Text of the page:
MOVIE REVIEW July 2003
Starring: Ajay Devgan, Urmila Matondkar, Rekha, Victor Banerjee
Director: Ram Gopal Varma
Bhoot is a supernatural thriller with a refreshing difference: There are no graveyards, no dark, dingy bungalows, no haunting songs and no gore. All the ?action', if you can call it that, takes where you'd least expect it ? in the heart of the city, on the 12th floor of a plush apartment complex.
A young couple Vishal (Ajay Devgan) and Swati (Urmila Matondkar) move into their new rented home in Mumbai and gradually discover its dark history. You hang on the edge of your seat as the spooky camera begins its terrifying journey accompanied by a frenzied background score. We "sense" fear? sudden bangs and crashes, fleeting glimpses of an unwanted presence, an ominous looking security guard, the jarring doorbell. For the first 30 minutes or so, this works fine and Bhoot succeeds in scaring the daylights out of you, but only in the first half. As the film wears on, the sheer predictability of the devices weighs down the narrative. There are too many shots, for example, of the elevator creaking its way up and down.
While Ajay Devgan is as competent as ever, it is Urmila Matondkar's mind-blowing performance as a possessed woman that actually saves Bhoot from its shaky script. Watching her work up a maniacal frenzy or slip into a pathetic state of helplessness, is an experience not to be missed. She surpasses everyone's expectations.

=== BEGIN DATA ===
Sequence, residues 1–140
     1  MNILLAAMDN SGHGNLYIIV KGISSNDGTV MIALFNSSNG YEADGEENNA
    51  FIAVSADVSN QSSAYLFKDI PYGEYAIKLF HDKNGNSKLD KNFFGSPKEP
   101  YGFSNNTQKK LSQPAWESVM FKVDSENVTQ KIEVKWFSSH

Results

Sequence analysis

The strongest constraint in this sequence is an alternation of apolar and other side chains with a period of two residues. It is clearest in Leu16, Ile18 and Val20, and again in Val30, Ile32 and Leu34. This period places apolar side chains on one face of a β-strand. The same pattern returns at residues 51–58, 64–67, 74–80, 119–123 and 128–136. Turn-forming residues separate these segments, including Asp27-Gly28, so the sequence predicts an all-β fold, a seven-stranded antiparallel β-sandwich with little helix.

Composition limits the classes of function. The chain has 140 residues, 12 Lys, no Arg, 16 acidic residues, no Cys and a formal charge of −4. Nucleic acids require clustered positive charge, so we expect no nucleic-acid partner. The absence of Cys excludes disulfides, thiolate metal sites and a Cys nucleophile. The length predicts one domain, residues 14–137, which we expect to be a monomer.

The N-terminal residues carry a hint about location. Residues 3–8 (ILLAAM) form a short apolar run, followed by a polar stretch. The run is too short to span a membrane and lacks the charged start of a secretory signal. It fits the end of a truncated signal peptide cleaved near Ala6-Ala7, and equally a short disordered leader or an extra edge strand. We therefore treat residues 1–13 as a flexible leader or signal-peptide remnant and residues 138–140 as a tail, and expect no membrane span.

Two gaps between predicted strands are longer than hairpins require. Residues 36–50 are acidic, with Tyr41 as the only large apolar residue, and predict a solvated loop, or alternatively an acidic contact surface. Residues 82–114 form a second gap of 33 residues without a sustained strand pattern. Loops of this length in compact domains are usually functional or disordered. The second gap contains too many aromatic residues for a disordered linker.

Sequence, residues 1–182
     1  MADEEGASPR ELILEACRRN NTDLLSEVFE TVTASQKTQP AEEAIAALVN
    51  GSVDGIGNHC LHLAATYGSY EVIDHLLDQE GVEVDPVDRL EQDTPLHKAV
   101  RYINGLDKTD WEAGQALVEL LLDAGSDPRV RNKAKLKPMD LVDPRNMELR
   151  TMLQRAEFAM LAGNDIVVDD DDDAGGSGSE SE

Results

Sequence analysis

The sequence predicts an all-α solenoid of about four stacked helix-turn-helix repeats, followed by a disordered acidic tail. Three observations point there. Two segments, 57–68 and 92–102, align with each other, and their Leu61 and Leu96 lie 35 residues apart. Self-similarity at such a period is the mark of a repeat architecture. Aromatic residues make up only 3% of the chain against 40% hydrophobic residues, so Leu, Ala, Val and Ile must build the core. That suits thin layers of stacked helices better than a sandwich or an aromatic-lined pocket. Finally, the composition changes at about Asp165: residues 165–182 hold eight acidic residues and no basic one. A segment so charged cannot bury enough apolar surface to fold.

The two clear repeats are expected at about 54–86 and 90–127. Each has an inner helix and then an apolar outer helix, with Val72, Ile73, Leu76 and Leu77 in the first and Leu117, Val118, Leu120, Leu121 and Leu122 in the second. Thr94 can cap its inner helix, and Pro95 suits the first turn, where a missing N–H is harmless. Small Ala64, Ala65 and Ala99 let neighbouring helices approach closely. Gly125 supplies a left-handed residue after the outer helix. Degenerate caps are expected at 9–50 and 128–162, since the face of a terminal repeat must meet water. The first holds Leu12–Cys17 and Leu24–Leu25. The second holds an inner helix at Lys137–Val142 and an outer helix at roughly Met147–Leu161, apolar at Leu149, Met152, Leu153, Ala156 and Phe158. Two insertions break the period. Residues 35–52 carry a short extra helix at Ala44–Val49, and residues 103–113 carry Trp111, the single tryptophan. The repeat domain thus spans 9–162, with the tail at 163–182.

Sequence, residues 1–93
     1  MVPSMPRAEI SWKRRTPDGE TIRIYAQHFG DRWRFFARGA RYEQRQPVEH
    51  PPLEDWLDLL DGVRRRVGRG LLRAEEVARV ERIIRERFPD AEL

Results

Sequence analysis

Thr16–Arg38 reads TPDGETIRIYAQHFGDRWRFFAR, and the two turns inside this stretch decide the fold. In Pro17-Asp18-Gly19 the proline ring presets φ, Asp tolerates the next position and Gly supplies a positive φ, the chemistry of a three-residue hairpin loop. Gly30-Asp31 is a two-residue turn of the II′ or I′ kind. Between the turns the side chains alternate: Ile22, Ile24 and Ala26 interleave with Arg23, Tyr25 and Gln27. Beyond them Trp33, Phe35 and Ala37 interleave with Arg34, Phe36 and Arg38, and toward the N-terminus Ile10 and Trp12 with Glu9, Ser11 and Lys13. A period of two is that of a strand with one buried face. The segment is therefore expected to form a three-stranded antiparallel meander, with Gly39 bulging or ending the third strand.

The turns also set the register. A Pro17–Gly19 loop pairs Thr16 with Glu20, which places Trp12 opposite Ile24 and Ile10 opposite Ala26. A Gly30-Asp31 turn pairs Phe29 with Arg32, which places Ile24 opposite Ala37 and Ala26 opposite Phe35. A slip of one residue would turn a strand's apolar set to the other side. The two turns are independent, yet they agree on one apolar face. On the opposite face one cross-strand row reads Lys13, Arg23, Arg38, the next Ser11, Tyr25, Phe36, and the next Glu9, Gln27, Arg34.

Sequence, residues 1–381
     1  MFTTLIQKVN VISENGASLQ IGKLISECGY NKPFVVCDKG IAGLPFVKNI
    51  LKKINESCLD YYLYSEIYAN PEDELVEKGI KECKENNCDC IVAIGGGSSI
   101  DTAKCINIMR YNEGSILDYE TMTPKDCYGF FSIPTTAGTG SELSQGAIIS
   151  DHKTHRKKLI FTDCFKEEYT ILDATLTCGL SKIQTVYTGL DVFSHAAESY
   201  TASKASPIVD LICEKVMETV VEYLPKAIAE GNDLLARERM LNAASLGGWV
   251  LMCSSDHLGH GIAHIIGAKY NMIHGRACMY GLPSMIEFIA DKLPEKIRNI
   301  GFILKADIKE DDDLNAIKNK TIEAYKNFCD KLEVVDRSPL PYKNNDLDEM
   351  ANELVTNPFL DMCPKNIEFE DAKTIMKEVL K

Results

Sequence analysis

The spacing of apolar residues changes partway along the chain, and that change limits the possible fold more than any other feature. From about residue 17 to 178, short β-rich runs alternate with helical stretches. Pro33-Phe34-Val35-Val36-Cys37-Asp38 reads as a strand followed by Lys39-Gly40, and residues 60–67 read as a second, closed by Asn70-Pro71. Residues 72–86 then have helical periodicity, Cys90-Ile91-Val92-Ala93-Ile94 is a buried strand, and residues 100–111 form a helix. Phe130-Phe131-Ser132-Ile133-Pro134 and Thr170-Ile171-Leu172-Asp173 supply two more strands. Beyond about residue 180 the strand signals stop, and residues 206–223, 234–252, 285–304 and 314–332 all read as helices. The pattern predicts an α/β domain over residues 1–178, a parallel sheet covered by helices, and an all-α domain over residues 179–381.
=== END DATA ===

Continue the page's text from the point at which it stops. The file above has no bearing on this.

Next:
As for the supporting cast ? Victor Banerjee as the psychiatrist, Seema Biswas as the unhinged maidservant, Tanuja as the grieving mother, Nana Patekar as the hard-nosed cop ? they all play their brief parts well but are wasted on a screenplay that does no justice to their talent. One fails to fathom why Victor Banerjee, a brilliant actor, was dragged down from Kolkata for a part that didn't require anything special. And last but not the least, Rekha as a clairvoyant, desi version of Whoopi Goldberg ? she looks like an overly made-up ghost herself!
Bhoot owes much of its technical finesse to Ram Gopal Varma's talented crew ? sound designer Dwarkar Warrier, background scorers Salim-Sulaiman and debutant cinematographer Vishal Sinha. They are the real heroes of the film.
If you want to enjoy being afraid, Bhoot beckons.
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